Evil will, in the end, be vanquished. It is just a matter of time. That said, although I no longer use the the big money-grabbing-capitalist-Tesco on the edge of Bicester due to the fact that it has a worse stock than your local Happy Shopper, it also has the worst trained, most ignorant, thoroughly rude staff working within it – I do however, still use the little Tesco Extra round the corner from me. But isn’t that the point? There isn’t another shop within walking distance that sells milk and my Saturday paper…

Why we must stop shopping in Tesco

from Simon Hoggart’s week, The Guardian, Saturday February 25, 2006

It’s heartening to see the wave of antipathy billowing out towards Tesco. And it’s producing results too. Near where my parents live in Norwich, a persistent local campaign has stopped Tesco getting permission for a store that would wipe out a street of local shops, including two terrific butchers, a greengrocer, a fishmonger, an old-fashioned pharmacist who delivers, and two fine bakeries. Money spent with local people goes back into the community, to the plumbers, hairdressers, solicitors and dentists, whereas money given to Tesco winds up hundreds of miles away in Tescoland, wherever that is.

Oh, and we also hate the so-called “Tesco’s Finest”, which seems to translate as “Tesco’s More Or Less Adequate”. But Tesco will be back. They always are. Do they never have a board meeting at which someone says: “Look guys, we’re all making a fortune. We don’t need any more money. Why don’t we just stop expanding?” Of course not. It isn’t in the nature of the beast. Which is why all these anti-Tesco websites (Tescopoly, Every Little Hurts, etc) are springing up.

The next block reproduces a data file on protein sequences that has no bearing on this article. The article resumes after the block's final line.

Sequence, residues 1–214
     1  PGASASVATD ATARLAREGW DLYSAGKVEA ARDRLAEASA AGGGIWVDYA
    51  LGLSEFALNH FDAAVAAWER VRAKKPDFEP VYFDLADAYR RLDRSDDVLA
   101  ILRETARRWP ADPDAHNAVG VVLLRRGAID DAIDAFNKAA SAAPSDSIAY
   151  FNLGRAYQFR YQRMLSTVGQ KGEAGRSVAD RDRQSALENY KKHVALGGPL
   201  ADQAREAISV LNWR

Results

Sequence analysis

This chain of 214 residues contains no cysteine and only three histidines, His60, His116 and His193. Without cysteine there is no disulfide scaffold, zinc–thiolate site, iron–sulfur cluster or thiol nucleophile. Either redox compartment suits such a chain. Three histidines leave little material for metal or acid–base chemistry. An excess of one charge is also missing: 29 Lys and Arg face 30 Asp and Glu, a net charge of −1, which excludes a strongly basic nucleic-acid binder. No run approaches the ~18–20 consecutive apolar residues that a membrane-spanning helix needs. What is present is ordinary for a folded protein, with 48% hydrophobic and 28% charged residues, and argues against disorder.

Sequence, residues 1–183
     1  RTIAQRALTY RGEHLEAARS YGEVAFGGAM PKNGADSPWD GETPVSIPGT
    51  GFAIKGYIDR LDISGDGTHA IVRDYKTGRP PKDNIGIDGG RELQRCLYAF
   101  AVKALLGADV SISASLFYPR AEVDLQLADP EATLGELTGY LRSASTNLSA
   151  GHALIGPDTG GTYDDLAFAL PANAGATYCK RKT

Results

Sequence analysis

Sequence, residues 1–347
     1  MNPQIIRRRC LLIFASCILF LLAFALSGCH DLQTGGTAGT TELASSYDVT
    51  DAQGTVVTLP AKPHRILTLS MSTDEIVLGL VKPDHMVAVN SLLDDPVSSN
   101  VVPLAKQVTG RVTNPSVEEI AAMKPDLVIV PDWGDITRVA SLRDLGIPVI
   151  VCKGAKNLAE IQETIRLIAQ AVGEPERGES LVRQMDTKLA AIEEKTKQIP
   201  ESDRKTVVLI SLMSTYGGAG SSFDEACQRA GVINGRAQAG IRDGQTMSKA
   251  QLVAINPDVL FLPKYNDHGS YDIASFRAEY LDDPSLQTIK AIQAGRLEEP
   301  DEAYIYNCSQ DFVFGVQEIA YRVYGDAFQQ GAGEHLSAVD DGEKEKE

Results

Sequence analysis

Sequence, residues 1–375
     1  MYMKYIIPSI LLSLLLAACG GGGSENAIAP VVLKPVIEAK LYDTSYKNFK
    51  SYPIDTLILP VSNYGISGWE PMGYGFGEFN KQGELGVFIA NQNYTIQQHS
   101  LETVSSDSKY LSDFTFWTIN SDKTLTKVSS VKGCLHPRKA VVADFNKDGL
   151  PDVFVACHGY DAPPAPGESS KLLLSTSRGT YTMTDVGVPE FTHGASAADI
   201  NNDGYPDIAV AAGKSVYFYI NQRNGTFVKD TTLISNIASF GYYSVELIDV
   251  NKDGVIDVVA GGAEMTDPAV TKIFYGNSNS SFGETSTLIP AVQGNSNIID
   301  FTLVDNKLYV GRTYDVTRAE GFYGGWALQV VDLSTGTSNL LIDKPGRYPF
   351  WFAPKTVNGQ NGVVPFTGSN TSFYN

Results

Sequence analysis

Where we live there’s a new, smallish Tesco store and we all complain like mad about the way their vast delivery trucks clog up narrow streets when we’re trying to get to work, or people are collecting their kids from school. What are we going to do? Clamp them? Enforce a citizen’s arrest on the driver? But there is an answer. We have to stop going there.

In spite of all the strong local feeling, our Tesco has long queues. Why? Given that the lorries are so vast, why do they never deliver anything we want? Why are there yards of fizzy drinks and nasty snacks, and little you’d actually want to put in your stomach?

If we truly hate Tesco we have to plan our shopping so we get to the small butcher and the greengrocer and the baker while they’re open. And if Tesco is the only choice, we have to do without for the time being. Not selling stuff is the only language they understand. Otherwise they will carry on, getting bigger and bigger, destroying our country, our towns and our cities, even faster than John Prescott.